Rajeshwar Singh Yadav and Roopa Yadav, Appellants, v. Charles Schwab & Co., Inc., Appellee, 935 F.2d 540 (2d Cir. 1991)

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U.S. Court of Appeals for the Second Circuit - 935 F.2d 540 (2d Cir. 1991) Petition for Rehearing Submitted May 3, 1991. Decided June 13, 1991

Rajeshwar Singh Yadav and Roopa Yadav, submitted papers, pro se.

Before TIMBERS, NEWMAN and KEARSE, Circuit Judges.

JON O. NEWMAN, Circuit Judge:

This petition to reconsider the dismissal of an appeal concerns the application of Rule 4(a) (4) of the Federal Rules of Appellate Procedure to an unusual fact situation complicated by an irregularity occurring in the office of the Clerk of the District Court. For reasons that follow, we conclude that our appellate jurisdiction was properly invoked, and we grant rehearing and reinstate the appeal.

Plaintiffs-appellants Rajeshwar Singh Yadav and Roopa Yadav filed a suit against defendant-appellee Charles Schwab & Co., Inc., with whom they maintained a brokerage account. On July 31, 1990, judgment was entered in the District Court for the Southern District of New York (Shirley Wohl Kram, Judge), dismissing the Yadavs' complaint and confirming a $25,000 arbitration award in Schwab's favor. On August 8, 1990, plaintiffs filed in the District Court a motion for reconsideration, and on August 30, 1990, while the reconsideration motion was pending, they filed in the District Court pro se a notice of appeal from the July 31 judgment. On January 16, 1991, the District Court denied the Yadavs' motion for reconsideration.

Pursuant to a recently adopted practice of this Court to examine pro se filings at an early date for compliance with jurisdictional requirements, this Court noticed what appeared to be a jurisdictional defect under Rule 4(a) (4). That provision states that a notice of appeal filed before the disposition of a timely motion for reconsideration "shall have no effect." See Griggs v. Provident Consumer Discount Co., 459 U.S. 56, 103 S. Ct. 400, 74 L. Ed. 2d 225 (1982); McCowan v. Sears, Roebuck and Co., 908 F.2d 1099 (2d Cir.), cert. denied, --- U.S. ----, 111 S. Ct. 250, 112 L. Ed. 2d 209 (1990). Applying Rule 4(a) (4), we dismissed the appeal sua sponte in an unpublished order. No. 91-7337 (2d Cir. Apr. 24, 1991).

In seeking reconsideration of the dismissal order, the Yadavs point out that the Clerk of the District Court neglected to comply with Rule 3 of the Appellate Rules, which requires a clerk of a district court to "transmit forthwith a copy of the notice of appeal and of the docket entries to the clerk of the court of appeals named in the notice." Fed. R. App. P. 3(d). In fact, these documents were not filed with the Clerk of this Court until April 2, 1991, when Mr. Yadav hand-carried them to our Clerk's office.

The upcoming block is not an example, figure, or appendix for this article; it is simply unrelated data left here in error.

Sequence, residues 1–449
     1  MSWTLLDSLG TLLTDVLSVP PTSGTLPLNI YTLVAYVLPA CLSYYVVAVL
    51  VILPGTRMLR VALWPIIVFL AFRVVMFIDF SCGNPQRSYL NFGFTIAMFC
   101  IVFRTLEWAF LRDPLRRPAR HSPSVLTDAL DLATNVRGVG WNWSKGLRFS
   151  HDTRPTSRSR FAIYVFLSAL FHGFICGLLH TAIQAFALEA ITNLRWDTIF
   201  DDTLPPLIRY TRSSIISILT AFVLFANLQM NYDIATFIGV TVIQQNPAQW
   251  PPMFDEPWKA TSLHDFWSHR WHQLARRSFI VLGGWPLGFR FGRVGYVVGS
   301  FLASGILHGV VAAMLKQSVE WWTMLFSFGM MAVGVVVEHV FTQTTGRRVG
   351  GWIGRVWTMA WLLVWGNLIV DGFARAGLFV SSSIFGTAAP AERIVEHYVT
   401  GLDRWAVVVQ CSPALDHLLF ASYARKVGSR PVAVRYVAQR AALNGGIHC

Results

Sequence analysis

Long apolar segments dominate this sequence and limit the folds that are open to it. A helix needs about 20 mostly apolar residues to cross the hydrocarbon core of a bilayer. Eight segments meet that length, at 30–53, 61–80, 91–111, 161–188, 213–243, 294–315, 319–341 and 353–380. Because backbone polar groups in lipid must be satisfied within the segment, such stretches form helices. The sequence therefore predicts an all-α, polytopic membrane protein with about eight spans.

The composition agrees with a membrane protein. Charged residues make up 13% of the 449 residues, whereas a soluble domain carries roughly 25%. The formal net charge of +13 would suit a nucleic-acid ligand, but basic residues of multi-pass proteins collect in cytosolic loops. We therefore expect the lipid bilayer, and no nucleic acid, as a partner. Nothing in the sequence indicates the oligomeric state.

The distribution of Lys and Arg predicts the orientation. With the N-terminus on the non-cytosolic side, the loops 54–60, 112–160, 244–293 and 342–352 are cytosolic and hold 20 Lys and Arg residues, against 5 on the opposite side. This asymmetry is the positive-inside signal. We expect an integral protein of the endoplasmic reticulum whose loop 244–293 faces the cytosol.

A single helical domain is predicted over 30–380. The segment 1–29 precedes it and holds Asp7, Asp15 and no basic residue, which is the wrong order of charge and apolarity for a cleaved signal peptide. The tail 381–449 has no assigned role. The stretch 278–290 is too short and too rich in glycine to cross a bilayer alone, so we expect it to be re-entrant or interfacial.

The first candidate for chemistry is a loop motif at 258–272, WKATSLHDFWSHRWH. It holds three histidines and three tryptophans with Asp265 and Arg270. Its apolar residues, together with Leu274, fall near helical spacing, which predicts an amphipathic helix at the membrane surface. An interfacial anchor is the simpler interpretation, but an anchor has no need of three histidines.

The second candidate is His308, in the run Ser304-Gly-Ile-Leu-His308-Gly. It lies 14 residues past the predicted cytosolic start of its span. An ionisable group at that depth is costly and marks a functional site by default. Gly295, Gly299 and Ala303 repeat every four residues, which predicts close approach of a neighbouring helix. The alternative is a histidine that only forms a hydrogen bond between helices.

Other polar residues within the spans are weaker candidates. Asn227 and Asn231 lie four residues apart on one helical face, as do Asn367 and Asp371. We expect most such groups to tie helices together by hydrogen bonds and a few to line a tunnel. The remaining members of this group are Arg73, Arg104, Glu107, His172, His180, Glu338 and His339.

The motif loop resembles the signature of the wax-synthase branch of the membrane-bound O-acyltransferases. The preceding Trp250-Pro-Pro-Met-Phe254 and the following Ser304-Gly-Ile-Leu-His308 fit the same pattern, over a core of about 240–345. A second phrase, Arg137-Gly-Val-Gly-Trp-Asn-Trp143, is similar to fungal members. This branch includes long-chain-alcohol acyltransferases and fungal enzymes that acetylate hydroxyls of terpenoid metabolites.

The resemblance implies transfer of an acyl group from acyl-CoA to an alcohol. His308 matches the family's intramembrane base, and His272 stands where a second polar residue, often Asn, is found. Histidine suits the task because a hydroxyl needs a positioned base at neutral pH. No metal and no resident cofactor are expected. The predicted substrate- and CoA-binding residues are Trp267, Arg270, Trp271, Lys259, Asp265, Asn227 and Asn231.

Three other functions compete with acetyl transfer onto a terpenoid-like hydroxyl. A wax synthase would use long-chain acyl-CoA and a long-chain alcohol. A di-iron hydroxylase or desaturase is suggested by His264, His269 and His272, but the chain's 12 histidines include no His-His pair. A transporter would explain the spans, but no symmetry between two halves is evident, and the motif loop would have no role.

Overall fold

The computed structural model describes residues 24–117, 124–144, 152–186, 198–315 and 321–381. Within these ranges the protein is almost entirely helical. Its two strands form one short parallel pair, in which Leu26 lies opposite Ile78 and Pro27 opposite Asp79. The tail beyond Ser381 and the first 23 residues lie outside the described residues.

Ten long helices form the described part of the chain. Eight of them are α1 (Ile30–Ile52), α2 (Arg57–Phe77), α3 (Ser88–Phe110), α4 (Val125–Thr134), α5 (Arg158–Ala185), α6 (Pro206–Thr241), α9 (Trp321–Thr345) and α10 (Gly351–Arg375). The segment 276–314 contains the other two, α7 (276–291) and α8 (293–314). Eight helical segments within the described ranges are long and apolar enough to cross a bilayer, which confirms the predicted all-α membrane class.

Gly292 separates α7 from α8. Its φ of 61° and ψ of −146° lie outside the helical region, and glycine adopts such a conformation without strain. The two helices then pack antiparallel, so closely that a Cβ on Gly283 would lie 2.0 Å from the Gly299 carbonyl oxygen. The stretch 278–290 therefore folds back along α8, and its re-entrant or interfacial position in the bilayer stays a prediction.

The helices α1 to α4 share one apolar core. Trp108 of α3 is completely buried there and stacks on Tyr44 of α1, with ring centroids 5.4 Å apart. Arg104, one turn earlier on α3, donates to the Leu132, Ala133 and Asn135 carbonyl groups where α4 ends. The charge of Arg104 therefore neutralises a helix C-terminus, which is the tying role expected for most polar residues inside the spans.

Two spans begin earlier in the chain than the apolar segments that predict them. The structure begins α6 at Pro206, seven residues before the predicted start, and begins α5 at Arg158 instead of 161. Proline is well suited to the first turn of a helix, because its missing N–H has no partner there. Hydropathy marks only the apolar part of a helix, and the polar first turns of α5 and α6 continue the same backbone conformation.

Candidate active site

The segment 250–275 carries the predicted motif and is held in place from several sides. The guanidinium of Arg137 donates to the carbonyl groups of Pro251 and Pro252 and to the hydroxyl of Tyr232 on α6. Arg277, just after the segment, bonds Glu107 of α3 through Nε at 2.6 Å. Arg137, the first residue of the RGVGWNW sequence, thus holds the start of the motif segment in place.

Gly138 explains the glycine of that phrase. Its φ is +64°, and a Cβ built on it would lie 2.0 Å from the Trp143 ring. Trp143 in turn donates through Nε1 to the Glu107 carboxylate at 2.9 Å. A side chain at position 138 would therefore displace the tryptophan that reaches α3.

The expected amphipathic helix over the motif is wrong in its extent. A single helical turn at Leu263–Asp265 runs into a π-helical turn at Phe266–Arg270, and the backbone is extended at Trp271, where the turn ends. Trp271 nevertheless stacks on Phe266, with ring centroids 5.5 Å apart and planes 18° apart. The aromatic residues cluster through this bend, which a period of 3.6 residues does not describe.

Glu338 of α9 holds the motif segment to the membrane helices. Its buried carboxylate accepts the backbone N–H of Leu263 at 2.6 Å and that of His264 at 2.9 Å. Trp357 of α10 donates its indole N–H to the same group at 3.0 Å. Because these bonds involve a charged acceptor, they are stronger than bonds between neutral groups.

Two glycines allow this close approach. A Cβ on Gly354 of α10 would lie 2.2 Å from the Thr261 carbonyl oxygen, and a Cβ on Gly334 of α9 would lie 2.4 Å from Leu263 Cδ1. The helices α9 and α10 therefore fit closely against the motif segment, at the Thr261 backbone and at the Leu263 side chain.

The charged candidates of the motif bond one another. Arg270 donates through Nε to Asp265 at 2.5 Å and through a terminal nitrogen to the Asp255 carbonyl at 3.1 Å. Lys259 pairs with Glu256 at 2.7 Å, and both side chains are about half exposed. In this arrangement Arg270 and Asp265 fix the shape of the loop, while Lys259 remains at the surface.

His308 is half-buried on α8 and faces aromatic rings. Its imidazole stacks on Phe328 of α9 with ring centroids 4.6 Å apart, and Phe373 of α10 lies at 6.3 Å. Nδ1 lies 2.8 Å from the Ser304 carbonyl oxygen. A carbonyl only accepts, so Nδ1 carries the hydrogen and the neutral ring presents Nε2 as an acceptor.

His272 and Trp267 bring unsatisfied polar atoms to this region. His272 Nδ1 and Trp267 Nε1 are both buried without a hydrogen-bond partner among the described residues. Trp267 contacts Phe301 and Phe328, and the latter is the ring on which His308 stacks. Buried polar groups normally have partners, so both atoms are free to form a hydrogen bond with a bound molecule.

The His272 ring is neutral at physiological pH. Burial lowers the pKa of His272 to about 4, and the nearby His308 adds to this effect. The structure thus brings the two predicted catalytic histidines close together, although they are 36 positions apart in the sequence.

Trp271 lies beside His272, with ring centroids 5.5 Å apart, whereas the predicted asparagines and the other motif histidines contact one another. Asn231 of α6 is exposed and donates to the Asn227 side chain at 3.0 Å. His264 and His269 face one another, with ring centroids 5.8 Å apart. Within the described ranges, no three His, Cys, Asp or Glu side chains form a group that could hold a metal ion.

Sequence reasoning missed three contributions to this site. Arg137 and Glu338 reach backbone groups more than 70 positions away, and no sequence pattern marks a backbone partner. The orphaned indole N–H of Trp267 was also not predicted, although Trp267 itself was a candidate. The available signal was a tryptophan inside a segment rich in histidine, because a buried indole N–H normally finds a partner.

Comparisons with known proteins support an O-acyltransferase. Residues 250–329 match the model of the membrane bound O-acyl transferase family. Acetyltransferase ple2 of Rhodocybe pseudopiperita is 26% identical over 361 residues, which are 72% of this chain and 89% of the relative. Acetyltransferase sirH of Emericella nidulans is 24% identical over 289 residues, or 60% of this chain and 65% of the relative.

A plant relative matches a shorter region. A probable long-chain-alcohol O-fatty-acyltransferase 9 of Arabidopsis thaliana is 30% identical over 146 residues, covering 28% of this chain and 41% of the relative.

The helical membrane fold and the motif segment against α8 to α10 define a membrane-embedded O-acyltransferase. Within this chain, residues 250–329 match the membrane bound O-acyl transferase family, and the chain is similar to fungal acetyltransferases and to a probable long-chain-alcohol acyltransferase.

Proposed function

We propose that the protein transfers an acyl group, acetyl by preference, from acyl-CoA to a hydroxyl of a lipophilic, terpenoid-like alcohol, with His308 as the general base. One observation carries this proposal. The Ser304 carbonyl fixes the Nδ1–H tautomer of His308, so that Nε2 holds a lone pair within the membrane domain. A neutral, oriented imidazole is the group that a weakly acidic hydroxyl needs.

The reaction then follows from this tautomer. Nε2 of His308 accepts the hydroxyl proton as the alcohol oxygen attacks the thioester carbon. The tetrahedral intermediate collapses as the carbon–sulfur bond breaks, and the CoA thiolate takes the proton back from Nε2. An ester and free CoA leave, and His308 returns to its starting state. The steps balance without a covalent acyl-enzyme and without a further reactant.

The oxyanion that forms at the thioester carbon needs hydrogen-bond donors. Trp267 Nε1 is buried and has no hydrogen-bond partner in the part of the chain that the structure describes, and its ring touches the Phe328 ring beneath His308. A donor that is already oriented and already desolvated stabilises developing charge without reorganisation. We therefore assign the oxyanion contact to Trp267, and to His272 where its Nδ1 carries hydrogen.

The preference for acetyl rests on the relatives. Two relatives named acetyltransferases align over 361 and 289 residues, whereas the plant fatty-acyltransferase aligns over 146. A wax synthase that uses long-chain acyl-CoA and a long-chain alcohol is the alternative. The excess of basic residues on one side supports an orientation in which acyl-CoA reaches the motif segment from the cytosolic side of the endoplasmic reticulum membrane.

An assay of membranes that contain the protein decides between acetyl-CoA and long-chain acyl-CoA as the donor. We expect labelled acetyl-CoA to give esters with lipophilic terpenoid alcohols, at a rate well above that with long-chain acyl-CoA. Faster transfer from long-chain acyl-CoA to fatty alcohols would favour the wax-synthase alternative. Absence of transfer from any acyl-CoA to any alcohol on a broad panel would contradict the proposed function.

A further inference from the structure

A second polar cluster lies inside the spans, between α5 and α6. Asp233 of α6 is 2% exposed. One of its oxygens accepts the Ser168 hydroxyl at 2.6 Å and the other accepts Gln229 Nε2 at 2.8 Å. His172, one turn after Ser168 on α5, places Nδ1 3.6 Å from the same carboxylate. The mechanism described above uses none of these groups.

Rule 4(a) (4) is normally strictly applied to implement important policies concerning appellate practice. As we pointed out in McCowan, the rule prevents duplicative review in two courts, avoids unnecessary remands, and precludes appellate court consideration until a district court has ruled. McCowan, 908 F.2d at 1103. But these interests are served only if the clerk of a district court carries out the obligation under Rule 3(d) to transmit a copy of the notice of appeal "forthwith" to the pertinent court of appeals. There is no risk of duplication if a court of appeals never knows that a notice of appeal has been filed. Moreover, if in this case the notice had been promptly forwarded to this Court, we could have promptly dismissed the appeal at a time when the appellants would still have had 30 days to file a new notice of appeal after the denial of their motion for reconsideration by the District Court. See Fed. R. App. P. 4(a) (4) ("A new notice of appeal must be filed within the prescribed time measured from the entry of the order disposing of the motion....").

In this case, the failure of the Clerk's office in the Southern District to forward a copy of the notice of appeal was tantamount to holding the notice of appeal until after denial by the District Court of the motion for reconsideration, at which time a valid notice of appeal could have been filed. Though the notice did not reach us until more than 30 days from that denial, it was tendered to the District Court at an earlier date. Though Rule 4(a) (4) creates a "trap for the unwary," see Averhart v. Arrendondo, 773 F.2d 919, 920 (7th Cir. 1985), we see no reason to apply its terms so rigidly as to exacerbate the trap in a situation where a court official has omitted an important step in the appellate process--a step on which the strict enforcement of Rule 4(a) (4) is premised. We are mindful that Rule 3(d) of the Appellate Rules states that " [f]ailure of the clerk to serve notice [of appeal] shall not affect the validity of the appeal." However, that language appears to refer to service of the notice upon the parties, not transmission to the court of appeals; moreover, the language seems designed to make sure that lack of service does not defeat validity, not that lack of transmission cannot be a circumstance that supports validity.

For these reasons we grant the petition for rehearing of our April 24, 1991, order, vacate that order, and reinstate the appeal.